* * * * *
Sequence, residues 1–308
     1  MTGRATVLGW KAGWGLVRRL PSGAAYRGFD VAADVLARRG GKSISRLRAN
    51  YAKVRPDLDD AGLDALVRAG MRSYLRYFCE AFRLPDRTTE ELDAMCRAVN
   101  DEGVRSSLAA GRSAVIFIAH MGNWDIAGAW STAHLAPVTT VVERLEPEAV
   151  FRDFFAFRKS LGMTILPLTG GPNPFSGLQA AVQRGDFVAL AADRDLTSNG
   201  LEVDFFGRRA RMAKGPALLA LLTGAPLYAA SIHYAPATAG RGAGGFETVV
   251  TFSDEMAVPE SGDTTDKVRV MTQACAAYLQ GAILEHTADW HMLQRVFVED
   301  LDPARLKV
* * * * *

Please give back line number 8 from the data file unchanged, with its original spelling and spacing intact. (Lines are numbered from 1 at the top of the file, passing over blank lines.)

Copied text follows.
   301  LDPARLKV